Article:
THE arrest this week of state-controlled weekly Sunday Mail editor Mabasa Sasa and two reporters for allegedly “publishing falsehoods” over a poaching story showed that media repression has fiercely resurfaced.
Editor’s Memo by Dumisani Muleya
As we hurtle towards the 2018 elections and President Robert Mugabe’s potentially tragic endgame, the battle for the hearts and minds will intensify, especially in a volatile environment characterised by toxic leadership and policy failures. The explosive economic situation fuels instability and insecurity.
Of late there has been a renewed systematic campaign of intimidation and threats mainly targeted at private media journalists. The arrest of Sasa and his reporters though simply proved all journalists are under threat.
Arresting journalists for merely doing their job — not on strictly criminal matters — has a chilling effect on media. It creates a climate of fear and perpetuates impunity.
Dozens of journalists in Zimbabwe, mainly from the private media, have been charged in the past for “publishing falsehoods”, but the cases collapsed in courts.
Some of those currently at the forefront of attacking journalists over alleged partisan reporting include Mugabe, his wife Grace, Zanu PF spokesman Simon Khaya Moyo and presidential mouthpiece George Charamba.
Journalists have been bombarded through incoherent innuendos, sophomoric claims, sophistry — cunning but false arguments — and simply ridiculous allegations, but none of the media bullies or their accomplices have so far been able to say what their issue really is. What we do know, however, is that their agenda is political.
Yet they have only managed to expose their hypocrisy as they condemn alleged biased reporting, while standing on partisan platforms. Zanu PF politicians have destroyed the public media through brazen political interference and inept propaganda, while their henchmen are guilty of collaboration. It’s incredible how people who preside over a hopelessly partisan state-controlled media empire have the chutzpah to complain about alleged partisan reporting by others. It’s hypocrisy writ large.
So in short we are dealing with hypocrites here. The kind of politicians who would cut down a tree, then stand on its stump to make a speech on conservation.
Mugabe and his publicists have been assisted in all this by accident or design by some veteran journalists like former editor of several newspapers Geoff Nyarota and state-controlled daily Herald deputy editor Joram Nyathi, a former colleague.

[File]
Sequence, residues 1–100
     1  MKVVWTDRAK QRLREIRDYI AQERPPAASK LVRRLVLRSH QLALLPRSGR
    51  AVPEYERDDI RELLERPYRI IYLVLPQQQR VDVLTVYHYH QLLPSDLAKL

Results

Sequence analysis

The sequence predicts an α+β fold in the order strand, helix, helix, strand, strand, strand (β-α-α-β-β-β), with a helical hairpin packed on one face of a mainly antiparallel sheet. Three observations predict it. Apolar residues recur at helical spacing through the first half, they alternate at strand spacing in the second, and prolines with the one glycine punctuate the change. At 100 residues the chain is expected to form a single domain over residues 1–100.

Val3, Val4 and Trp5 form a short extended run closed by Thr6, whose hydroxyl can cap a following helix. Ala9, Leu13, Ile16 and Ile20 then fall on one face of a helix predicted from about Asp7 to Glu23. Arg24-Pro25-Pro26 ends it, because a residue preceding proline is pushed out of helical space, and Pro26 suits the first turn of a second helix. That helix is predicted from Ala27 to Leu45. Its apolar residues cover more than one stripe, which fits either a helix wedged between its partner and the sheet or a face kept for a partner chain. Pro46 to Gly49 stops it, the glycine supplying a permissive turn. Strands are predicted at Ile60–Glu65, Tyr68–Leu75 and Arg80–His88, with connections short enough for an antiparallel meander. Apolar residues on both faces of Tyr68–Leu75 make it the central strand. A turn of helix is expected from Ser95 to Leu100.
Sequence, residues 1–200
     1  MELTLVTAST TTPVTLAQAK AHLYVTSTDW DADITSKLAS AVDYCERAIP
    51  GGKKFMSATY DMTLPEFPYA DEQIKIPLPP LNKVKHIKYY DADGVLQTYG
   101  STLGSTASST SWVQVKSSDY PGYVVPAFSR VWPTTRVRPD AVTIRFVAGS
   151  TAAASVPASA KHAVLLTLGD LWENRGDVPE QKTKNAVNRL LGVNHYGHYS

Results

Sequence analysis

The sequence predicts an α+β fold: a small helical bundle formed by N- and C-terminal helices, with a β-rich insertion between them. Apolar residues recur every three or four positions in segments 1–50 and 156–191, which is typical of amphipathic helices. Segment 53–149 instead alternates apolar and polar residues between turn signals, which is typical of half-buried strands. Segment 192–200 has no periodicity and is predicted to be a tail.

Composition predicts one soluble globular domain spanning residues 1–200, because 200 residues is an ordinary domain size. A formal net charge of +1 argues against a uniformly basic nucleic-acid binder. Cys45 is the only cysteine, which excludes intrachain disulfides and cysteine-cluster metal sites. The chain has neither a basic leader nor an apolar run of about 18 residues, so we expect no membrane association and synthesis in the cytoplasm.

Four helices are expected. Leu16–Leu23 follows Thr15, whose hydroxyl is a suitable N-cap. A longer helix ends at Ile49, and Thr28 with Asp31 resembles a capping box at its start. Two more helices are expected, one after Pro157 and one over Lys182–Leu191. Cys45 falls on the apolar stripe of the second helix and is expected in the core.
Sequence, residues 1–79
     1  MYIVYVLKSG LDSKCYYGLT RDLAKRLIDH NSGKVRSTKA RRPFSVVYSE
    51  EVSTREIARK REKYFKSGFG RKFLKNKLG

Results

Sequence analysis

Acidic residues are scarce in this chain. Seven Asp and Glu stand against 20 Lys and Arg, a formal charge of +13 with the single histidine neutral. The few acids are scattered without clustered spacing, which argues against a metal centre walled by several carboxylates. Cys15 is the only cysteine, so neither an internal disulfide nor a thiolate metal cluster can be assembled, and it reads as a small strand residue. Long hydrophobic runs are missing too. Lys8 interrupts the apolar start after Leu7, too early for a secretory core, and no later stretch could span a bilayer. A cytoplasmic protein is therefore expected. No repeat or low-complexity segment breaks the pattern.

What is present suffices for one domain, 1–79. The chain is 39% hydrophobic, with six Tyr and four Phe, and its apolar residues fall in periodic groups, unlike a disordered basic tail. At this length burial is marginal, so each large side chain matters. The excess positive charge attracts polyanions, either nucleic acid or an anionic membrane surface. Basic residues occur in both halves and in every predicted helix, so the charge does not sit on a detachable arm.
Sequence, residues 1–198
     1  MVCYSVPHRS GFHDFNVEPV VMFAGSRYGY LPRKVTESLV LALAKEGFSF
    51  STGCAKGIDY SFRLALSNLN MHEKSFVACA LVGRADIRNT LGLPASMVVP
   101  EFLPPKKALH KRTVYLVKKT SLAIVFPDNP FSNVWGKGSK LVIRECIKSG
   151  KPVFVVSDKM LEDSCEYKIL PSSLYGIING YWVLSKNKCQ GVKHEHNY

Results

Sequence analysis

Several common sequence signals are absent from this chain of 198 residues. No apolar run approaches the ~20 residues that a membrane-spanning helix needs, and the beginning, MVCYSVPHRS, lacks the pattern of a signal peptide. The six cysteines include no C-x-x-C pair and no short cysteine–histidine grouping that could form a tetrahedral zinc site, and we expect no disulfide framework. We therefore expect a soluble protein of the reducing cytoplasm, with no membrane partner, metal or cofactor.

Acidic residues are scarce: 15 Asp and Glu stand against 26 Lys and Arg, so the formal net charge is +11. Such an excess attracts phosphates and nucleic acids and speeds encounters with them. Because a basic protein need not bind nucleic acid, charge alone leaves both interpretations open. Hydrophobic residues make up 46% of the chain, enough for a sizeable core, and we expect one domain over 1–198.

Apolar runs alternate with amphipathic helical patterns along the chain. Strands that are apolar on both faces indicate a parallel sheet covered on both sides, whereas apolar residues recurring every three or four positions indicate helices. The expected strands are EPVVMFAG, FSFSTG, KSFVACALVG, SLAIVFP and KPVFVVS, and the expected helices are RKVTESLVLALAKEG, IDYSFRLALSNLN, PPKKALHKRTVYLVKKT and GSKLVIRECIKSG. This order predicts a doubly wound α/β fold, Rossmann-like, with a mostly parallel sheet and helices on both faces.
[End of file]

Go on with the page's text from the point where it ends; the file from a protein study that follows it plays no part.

Besides, Nyarota and Nyathi — both very good journalists when not hawking their self-serving and snake-oil views on media — there are many other journalists aiding and abetting authorities’ new campaign of media repression, deliberately or unwittingly.
Australian-based Herald columnist Reason Wafawarova has also waded into the debate, but maintained his false claim Nyathi was removed from the Zimbabwe Independent for his views on land reform and sanctions.
Nyathi last week wrote a scandalous piece on media in the Herald full of sweeping generalisations and inflammatory allegations which can’t stand the test of scrutiny. While pretending to be advising Zanu PF to be restrained on its reaction to “provocations”, his framework was venomously political and partisan, hence gushing praises from Charamba.
If you are a serious journalist and you always get unstinting tributes from a cantankerous spin-doctor notorious for being a polemicist, you must know there is something wrong with what you are doing. Politicians and journalists are always uneasy bedfellows. For centuries satirical novelists have dramatised that.
The galaxy of fierce barbarians at the gates include useful innocents, that is confused and misguided regime sympathisers, and useful idiots, advocates for a cause whose motives they don’t fully understand, or those cynically used by authorities.
Well, Nyarota sometimes has legitimate issues, but badly presents them through his unfortunate holier-than-thou approach. There is also the problem that he remains miserably handcuffed to the past at a time when a media revolution is transforming, fundamentally and irrevocably, the nature of journalism and its ethics. We need enlightened debate, not polemics, on these issues.
The Information Media Panel of Inquiry report is a good guide.